All right. Now it looks very cool. Now, you can see the difference between these images…that one is a little bit more on the Blue side, this is one on the green side but we’re using complimentary colors, as well. We got green on the background and then ged in her skin. You can also combine them together to create different effects, again it kind of lower the capacity and get something that’s maybe a little bit more closer to the original but still a little bit of color variation in there. Let’s do one more and we’re going to call it. All right, let’s go back to our B channel and I just want to bring this guy in at a lot Yellow and then we’re going to put a little bit more Blue in the background. If you guys want a little extra bonus points this is actually really cool. Let’s just reset that. Instead of actually clicking and dragging around here because that can be a little bit confusing, let’s go to our A channel and grab this little hand tool right here ... it’s got a hand with up and down arrow. You can actually click anywhere on your image and drag up or down and it’s going to put either more Cyan or Magenta if you’re in the Blue channel, or Yellow and Blue if you’re in the B channel. All right. I said the Blue channel but I meant the A channel. There we go. Let’s click and drag that up and kind of even this out, maybe we’ll get a little bit more…there we go. Let’s go back to our B channel, I think I want that little bit of Yellow in my skin and maybe a little bit more Blue in my highlights. By using this little arrow here, I’m able to just click the different areas that I want and define what I actually want to be visible or not visible in that part of the image. It uses the specific color range of that image to get there. All right, maybe a little less blue here in the highlights.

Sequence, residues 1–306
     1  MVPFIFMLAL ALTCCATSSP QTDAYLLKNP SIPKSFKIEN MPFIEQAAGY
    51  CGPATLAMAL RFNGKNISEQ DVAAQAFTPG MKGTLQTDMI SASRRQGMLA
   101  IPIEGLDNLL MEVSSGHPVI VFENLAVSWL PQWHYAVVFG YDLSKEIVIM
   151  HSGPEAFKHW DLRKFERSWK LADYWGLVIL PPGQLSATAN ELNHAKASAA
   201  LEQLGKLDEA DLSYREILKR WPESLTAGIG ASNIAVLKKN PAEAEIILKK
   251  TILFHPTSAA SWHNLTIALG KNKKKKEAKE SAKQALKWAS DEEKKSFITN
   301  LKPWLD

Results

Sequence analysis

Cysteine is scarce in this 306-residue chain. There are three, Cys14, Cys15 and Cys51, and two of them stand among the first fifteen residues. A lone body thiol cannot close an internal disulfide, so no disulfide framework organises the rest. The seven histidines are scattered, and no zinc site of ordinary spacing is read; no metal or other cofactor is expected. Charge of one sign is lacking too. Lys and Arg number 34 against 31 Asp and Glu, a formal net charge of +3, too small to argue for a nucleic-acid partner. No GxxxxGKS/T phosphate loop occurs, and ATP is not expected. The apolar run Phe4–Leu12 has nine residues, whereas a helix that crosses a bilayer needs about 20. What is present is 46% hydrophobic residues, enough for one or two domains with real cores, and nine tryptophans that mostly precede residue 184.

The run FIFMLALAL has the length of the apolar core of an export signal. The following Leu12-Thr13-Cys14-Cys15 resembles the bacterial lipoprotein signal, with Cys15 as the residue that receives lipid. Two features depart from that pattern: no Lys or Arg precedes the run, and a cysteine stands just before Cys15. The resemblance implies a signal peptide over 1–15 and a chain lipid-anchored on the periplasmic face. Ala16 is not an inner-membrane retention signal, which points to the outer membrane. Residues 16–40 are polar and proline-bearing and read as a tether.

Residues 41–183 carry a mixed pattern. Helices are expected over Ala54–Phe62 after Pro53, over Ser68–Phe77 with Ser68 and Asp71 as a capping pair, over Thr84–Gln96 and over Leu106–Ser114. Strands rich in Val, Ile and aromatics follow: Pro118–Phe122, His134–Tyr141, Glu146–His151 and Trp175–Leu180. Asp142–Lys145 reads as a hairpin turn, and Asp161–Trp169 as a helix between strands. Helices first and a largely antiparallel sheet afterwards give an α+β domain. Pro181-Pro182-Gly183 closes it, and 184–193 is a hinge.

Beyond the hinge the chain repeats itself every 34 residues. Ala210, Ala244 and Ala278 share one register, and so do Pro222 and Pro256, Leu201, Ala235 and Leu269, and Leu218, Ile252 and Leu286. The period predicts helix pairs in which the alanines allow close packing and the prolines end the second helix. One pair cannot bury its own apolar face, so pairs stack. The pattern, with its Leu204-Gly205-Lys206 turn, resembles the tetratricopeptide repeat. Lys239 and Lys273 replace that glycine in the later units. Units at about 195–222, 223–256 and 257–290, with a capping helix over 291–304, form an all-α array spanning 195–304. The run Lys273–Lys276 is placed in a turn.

There we go and let’s put a little bit less green in there, as well. Or maybe more of Green, I kind of like that and then here on the lips let’s just really bring that up. This is not local in the way that it’s not going to select out the lip. It selects out that specific color range that is similar to the lip. It’s not just like selecting the area I’m clicking. It just happens to be that’s color range. If it happens to be light or dark or different color ranges within the area where you’re clicking, not necessarily around the cursor, that can be a little bit confusing. We can see there a huge color adjustment, and we’ve got something that is really, really dynamic. I know that it’s not super natural. It’s actually super natural. It’s not actual natural. Let’s just grab this and put a little more blues to her skin. Here we go. Very, very cool effect. All the while, we’re maintaining the same lightness as we had before, and you can combine this effect in very interesting ways. There we go. I actually like that. I think that’s really, really cool.
We have the Before and After for this. If you’re using curve, you’re going to see very quickly you’re going to wind up with something that changes your light level. Using LAB is a great way to actually get those curves on. Now when you’re done with LAB, all you have to do is create a stamp visible layer. Hit Shift – Option – Command – E, which creates a stamp visible layer. Then what I do is I just bring this right in to my RGB. So stamp visible layer, hold down shift and with your move tool, just click and drag. Here we go. Let’s get rid of that guy. So now, we’re back in our RGB channel. We’re editing just like normal again. We have our other image. You can start editing just like you would normally edit right back again.
That’s it for today’s episode. Thanks so much for watching! I hope you enjoy using LAB. If you guys tried this out and you did some crazy work using colors, please submit it in the comment down below. I would love to see it. It works the best when you really do have lots of crazy colors in your image. Thanks so much for watching guys! I’ll return later. Bye everyone!